Rutgers Law Project Advances Citizen Access to Big Data
Ellen Goodman, a professor at Rutgers Law School, has received a $100,000 grant to advance public access to big data – information collected and processed by government and significant private sector institutions that influence some of the most important aspects of a person's life.
Be it criminal justice or consumer credit scores, algorithms are used by companies and government to determine "everything from parole, to length of sentences, to what information is circulated, to what schools should close in a district," says Goodman, a widely cited expert on information policy law who serves as co-director and co-founder of the Rutgers Institute for Information Policy & Law.
The two-year grant from the Lois & Samuel Pratt Program for Freedom of Information begins this September. The project will include a focus on New Jersey institutions and municipal efforts to become “smart cities,” Goodman says.
"The goal of the project is to improve understanding of how big data sets and analytics lead to algorithmic predictions, which can shape the provision of government and private services and the distribution of opportunities," explains Goodman, who teaches at Rutgers Law School's Camden location. "As more data is collected on every aspect of individual lives and the physical environment, it becomes ever more crucial that citizens be able to critically assess how entities have turned the data into actionable conclusions."
Goodman will work with scholars from other institutions and across such academic disciplines as criminal justice, media studies, and computer science to advance citizen access to public data and algorithmic transparency. She will support the scholars' research efforts with sub-grants.
With governments using algorithms to make decisions on energy policy, educational policy, policing, transportation policy, employment and many other areas, Goodman says, "it is as important to know how a government has used data as it is to know how it has used money, and the two are often related."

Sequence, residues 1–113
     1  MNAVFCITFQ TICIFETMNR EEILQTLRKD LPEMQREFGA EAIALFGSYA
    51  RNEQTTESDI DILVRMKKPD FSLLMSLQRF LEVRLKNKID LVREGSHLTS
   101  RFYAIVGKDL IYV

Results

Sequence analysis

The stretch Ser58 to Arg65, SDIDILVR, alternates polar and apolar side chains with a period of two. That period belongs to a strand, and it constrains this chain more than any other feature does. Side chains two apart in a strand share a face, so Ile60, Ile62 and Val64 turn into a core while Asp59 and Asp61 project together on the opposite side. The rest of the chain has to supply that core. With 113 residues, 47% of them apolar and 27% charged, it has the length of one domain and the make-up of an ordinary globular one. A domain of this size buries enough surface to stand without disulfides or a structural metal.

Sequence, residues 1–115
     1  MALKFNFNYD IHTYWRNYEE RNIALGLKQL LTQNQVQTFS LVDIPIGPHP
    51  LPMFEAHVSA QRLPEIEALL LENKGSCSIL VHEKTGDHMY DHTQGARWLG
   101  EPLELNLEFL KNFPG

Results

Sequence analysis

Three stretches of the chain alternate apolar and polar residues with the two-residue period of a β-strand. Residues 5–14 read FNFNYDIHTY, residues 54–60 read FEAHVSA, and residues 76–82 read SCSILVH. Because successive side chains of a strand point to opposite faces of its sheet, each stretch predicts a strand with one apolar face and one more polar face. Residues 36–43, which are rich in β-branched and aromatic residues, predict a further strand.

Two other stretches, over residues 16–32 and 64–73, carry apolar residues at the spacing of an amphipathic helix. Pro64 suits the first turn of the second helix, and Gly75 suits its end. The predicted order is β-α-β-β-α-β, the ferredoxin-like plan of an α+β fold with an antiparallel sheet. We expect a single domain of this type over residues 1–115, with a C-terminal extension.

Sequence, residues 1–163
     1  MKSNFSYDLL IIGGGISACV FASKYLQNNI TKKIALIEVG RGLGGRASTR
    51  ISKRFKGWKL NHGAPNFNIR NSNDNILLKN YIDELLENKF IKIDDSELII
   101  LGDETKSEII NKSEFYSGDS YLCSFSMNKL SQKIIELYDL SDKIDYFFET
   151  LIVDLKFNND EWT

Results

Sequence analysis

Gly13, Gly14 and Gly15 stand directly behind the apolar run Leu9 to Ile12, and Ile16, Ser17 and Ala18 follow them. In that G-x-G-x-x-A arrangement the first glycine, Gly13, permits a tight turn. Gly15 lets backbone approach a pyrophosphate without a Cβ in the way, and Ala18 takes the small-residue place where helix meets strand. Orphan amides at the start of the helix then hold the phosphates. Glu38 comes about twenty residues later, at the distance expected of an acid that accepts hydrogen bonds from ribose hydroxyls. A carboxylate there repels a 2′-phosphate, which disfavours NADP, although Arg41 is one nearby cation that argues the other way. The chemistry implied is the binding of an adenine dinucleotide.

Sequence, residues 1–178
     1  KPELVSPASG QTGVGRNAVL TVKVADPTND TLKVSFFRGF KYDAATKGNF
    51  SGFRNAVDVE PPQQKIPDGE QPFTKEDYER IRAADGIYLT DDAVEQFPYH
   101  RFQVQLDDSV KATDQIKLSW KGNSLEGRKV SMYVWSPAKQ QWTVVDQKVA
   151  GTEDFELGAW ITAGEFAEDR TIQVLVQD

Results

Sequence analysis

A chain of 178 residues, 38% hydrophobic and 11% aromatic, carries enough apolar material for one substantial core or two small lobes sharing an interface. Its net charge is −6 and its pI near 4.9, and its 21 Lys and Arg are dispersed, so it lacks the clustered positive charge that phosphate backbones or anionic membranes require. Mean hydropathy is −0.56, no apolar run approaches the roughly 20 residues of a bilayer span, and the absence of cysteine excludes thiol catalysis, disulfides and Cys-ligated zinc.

But, she cautions, access does not ensure understanding of complex algorithmic processes. Because learning algorithms use ever-changing data sets and weight each variable differently, "journalists and citizens must be able to interrogate these processes in order to understand what the powerful institutions around them are doing."
Further complicating this effort at understanding, especially in New Jersey with its 565 different municipal governments, are differing interpretations of the laws by municipalities that govern open records and freedom of information. "It is important to understand what barriers to access are there and how to get around them," Goodman says.
Also at issue are how these autonomous governments report and measure the data they use to make decisions. Furthermore, Goodman says, there are rising demands – many justifiable – to restrict collection, use, and disclosure of the data and analytics used by government and private institutions.
The grant will lead to research and policy proposals, Goodman says, as well as the sharing of information with larger academic communities and the public.